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The superintendent at The O’Farrell Charter School in Southeast San Diego was fired in June amid reports of misconduct involving a female staffer but still stands to make more than $340,000 in severance and regular pay.

Details about the misconduct allegations against Jonathan Dean, who had been the school’s top administrator for more than a decade, are hard to come by.

O’Farrell board Chairman Christian Scott confirmed the firing but wouldn’t comment further. Attempts to reach the female staffer were unsuccessful. Dean declined to speak to inewsource on the advice of his attorney. Teachers interviewed knew little about the ex-superintendent’s departure.

Minutes from school board meetings aren’t helpful either — reporting Dean’s termination but no reason behind the vote. 

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Email Jennifer Bowman at jenniferbowman@inewsource.org.

In school records obtained by inewsource, Dean denied wrongdoing. He said he mentored the female staffer and that the board “perpetuated untrue and salacious allegations.”

O’Farrell is in Encanto and serves about 1,900 students in kindergarten through 12th grade, with the majority considered socioeconomically disadvantaged. Nearly all of the school’s roughly $20 million budget comes from taxpayers.

Dean, 54, was responsible for O’Farrell’s educational program, including staffing and curriculum. He was placed on paid administrative leave in January and continued collecting about $20,000 a month in salary until his termination in June.

Why this matters

The O’Farrell Charter School is funded almost entirely by taxpayers. When its top administrator is offered a payout after being accused of misconduct, the school’s teachers, students, financial supporters and taxpayers should know why.

During that period, Dean was prohibited from accessing school emails and speaking with other employees while officials investigated the claim against him.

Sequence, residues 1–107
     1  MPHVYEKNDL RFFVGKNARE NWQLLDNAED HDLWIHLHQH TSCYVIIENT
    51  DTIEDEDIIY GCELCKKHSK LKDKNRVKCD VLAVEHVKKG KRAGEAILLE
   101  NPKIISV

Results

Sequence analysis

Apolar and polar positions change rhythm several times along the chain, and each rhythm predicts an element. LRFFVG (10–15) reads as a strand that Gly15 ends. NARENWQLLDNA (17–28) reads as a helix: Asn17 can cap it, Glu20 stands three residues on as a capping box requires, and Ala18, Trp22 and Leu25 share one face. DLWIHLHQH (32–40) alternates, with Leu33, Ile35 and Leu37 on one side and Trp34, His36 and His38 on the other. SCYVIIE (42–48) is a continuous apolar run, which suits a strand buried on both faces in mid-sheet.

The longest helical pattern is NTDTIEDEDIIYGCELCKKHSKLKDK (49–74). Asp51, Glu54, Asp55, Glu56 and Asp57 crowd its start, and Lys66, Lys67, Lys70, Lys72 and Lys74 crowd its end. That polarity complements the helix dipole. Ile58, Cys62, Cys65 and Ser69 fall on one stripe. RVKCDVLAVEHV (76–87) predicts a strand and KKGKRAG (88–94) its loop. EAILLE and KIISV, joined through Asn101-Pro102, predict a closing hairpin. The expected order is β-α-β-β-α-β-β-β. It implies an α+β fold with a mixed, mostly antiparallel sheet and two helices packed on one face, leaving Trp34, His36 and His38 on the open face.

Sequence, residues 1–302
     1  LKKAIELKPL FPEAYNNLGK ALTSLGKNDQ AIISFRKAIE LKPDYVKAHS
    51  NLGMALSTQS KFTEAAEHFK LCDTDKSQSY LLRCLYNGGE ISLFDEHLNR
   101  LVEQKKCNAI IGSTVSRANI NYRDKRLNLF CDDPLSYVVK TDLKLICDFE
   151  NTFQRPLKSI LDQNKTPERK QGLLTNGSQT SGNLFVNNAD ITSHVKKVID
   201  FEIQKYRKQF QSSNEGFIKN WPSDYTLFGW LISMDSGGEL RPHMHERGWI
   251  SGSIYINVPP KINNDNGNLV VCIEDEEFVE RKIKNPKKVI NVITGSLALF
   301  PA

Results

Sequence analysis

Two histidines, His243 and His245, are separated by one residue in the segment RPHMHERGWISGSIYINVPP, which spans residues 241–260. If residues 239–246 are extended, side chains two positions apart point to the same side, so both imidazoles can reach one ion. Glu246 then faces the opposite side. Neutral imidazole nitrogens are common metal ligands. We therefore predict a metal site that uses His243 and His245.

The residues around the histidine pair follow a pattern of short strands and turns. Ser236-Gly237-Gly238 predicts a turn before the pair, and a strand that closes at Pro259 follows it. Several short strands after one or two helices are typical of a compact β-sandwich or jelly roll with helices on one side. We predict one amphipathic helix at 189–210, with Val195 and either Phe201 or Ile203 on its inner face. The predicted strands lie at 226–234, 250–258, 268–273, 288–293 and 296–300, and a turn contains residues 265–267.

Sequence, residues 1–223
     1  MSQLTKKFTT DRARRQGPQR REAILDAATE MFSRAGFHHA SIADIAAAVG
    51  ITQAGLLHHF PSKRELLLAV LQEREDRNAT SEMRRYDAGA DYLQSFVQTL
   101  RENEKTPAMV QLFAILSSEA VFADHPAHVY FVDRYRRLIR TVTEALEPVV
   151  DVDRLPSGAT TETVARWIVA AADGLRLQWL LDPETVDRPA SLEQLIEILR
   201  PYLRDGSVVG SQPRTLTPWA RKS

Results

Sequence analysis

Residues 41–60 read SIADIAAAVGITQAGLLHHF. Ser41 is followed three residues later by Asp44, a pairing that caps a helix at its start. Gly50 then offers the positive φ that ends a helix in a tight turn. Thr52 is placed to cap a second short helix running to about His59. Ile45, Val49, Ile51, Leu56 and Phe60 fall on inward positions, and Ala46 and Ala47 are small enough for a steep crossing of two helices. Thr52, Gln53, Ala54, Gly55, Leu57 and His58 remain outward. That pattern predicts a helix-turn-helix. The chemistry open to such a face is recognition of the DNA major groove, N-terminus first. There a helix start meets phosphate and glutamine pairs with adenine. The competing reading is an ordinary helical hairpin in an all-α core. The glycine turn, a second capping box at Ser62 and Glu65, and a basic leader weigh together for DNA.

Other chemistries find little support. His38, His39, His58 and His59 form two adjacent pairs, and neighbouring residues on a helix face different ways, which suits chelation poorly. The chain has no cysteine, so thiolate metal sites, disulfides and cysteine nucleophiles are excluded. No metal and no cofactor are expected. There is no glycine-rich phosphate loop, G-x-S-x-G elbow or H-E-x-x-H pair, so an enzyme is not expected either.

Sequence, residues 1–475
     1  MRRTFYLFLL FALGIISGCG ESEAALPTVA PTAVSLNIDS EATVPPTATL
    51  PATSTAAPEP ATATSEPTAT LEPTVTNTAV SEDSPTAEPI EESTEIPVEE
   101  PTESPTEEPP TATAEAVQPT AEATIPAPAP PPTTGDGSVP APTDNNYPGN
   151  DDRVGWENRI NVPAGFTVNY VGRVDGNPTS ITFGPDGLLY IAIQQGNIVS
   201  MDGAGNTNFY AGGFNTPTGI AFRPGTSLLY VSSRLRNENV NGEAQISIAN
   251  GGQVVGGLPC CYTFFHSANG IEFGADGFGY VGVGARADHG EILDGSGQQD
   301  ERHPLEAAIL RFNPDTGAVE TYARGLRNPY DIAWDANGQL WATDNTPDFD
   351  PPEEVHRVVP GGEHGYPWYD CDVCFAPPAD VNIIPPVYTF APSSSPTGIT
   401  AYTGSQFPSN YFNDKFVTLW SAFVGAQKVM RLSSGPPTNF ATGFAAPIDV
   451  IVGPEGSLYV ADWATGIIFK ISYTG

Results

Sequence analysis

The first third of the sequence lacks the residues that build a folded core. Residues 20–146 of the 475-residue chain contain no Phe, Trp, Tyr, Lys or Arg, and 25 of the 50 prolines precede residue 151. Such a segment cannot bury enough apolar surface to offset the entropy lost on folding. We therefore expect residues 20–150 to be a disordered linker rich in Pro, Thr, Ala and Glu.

Because O’Farrell’s five-member governing board unanimously voted to fire him without cause, Dean is eligible for $250,000 in severance — equal to one year of his regular pay. In exchange, he was required to release all claims “in a form satisfactory to O’Farrell,” according to his contract.

But the severance is now part of a legal fight. Dean’s attorney, Jon Vanderpool, said in documents served to the school in July that the ex-superintendent has yet to receive his severance. Dean is demanding private arbitration proceedings after unsuccessful settlement attempts, Vanderpool said.

In addition to his breach-of-contract allegations, the ex-superintendent is claiming wrongful termination and age discrimination.

Dean also alleges the board violated his privacy after school officials “reviewed personal phone records and counted the number of calls between Dr. Dean’s accuser as compared to other (O’Farrell) personnel before sharing this information with Board members.”

Vanderpool declined to comment to inewsource about Dean’s case, citing the ongoing proceedings.

Dean’s contract specified misconduct as a cause for termination, which would have made him ineligible for severance. 

But after a closed session on June 9, board members fired Dean without cause. They thanked him “for his efforts over the last several years,” according to meeting records.

Dean was to be paid for any accrued vacation, and his contract stipulated that the school would continue to pay his and his wife’s health benefits until he turned 65. O’Farrell officials told Dean after his firing that “the school would be willing to consider” a lump sum payout of his remaining salary and insurance benefits.

Dean was in the Army for three years before beginning a more than 20-year career in education. He previously was the principal of a Bakersfield junior high school.

Susan Cuttitta, a longtime O’Farrell employee who previously served as director of operations, is now the school’s interim superintendent.

Type of Content

News: Based on facts, either observed and verified directly by the reporter, or reported and verified from knowledgeable sources.

Jennifer Bowman is an investigative reporter at inewsource, covering mostly education. She’s happy to be back in her hometown after stints at daily newspapers in Michigan and North Carolina. At the Asheville Citizen Times, Jennifer’s award-winning coverage of yearslong corruption helped...